'The European Convention on Human Rights is one of the world's most important and influential human rights documents. It owes its value mainly to the European Court of Human Rights, which applies the Convention rights in individual cases. This book offers a clear insight into the concepts and principles that are key to understanding the European Convention and the Court's case-law. It explains how the Court generally approaches the many cases brought before it and which tools help it to decide on these cases, illustrated by numerous examples taken from the Court's judgements. Core issues discussed are the types of Convention rights (such as absolute rights); the structure of the Court's Convention rights review; principles and methods of interpretation (such as common ground interpretation and the use of precedent); positive and negative obligations; vertical and horizontal effect; the margin of appreciation doctrine; and requirements for the restriction of Convention rights.'

    Congratulations, Janneke!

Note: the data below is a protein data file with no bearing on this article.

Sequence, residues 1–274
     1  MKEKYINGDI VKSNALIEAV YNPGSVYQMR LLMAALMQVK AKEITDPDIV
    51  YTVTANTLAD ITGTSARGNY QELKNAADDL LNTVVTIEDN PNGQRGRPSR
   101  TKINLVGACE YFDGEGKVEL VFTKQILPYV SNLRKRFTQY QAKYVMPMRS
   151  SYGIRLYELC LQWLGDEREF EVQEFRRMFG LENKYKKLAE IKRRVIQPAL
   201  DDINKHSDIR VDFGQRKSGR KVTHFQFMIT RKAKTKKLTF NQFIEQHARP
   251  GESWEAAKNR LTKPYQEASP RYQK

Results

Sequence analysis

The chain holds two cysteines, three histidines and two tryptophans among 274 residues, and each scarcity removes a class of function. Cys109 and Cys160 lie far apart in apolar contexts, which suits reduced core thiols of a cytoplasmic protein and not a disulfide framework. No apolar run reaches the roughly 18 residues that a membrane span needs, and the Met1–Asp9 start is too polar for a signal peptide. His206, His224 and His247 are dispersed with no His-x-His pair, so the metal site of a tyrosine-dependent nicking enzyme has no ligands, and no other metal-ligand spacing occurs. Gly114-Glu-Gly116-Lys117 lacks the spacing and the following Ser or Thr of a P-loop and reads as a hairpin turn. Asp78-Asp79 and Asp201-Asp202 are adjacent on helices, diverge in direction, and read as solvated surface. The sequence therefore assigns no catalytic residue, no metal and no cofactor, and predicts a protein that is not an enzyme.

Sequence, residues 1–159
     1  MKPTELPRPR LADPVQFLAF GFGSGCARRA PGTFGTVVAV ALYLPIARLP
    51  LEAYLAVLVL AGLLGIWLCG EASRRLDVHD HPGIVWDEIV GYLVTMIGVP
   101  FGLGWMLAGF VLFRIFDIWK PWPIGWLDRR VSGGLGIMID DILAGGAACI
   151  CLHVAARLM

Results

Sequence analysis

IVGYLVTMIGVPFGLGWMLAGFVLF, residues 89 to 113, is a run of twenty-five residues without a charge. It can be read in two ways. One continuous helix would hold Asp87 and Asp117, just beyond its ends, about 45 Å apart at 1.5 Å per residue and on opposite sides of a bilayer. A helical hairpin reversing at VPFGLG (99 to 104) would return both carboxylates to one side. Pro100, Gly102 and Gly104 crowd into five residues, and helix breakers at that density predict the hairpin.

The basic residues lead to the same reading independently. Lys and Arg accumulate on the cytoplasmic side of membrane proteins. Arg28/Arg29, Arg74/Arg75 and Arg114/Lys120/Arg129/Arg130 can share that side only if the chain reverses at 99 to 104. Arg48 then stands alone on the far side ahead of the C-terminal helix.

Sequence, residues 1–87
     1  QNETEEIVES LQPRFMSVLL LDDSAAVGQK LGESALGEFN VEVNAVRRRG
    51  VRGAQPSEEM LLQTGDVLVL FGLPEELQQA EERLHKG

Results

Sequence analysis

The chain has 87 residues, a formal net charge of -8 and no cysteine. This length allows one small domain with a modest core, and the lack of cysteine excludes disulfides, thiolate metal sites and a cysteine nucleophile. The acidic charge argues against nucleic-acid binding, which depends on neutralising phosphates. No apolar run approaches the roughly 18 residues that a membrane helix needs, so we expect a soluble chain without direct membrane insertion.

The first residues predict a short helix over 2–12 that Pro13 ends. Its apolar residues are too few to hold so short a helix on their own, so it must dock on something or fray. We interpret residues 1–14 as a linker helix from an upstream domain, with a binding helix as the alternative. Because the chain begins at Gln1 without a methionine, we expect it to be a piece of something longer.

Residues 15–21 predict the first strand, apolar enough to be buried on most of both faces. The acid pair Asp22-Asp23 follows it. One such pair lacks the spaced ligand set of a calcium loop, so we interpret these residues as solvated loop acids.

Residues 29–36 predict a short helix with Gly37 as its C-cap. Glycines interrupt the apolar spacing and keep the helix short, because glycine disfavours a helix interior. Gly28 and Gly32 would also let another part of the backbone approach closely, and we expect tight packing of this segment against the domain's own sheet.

Wednesday, 20 March 2019

    Conference on the European Court at 60

    As announced earlier through the call for papers, the University of Nottingham's human rights centre is organising its annual student human rights conference on Friday 29 March. The theme this year is 'European Court of Human Rights: 60 Years of Success?'  The full programme has now been published online (and features, amongst others, two of our Utrecht University SIM fellows, very proud of them!). Also features some great keynote speakers, including judge Eicke, Ed Bates and Nuala Mole. This is the conference abstract:

    'At nearly 60 years old, the European Court of Human Rights (ECtHR) has had to respond to major political and social changes, military conflicts and financial crises. Whilst there have been many successes during the ECtHR's impressive 60 year history, critics have also pointed to a number of failures. Accordingly, the 20th Annual Student Human Rights Conference aims to critically analyse the role of the ECtHR with a view to understanding how the Court and the European Convention on Human Rights have confronted both substantive and procedural challenges.

    The conference will question whether the ECtHR is still fit for purpose? What lessons have the last 60 years taught us and what more can we do to improve it? It will also address whether the rise of populism within CoE Member states has made the Court more restrained in its jurisprudence. Finally, the conference will explore whether “forgotten minorities”, such as Roma, and other vulnerable groups are adequately protected and whether the Court takes such vulnerabilities into account in its decision making.'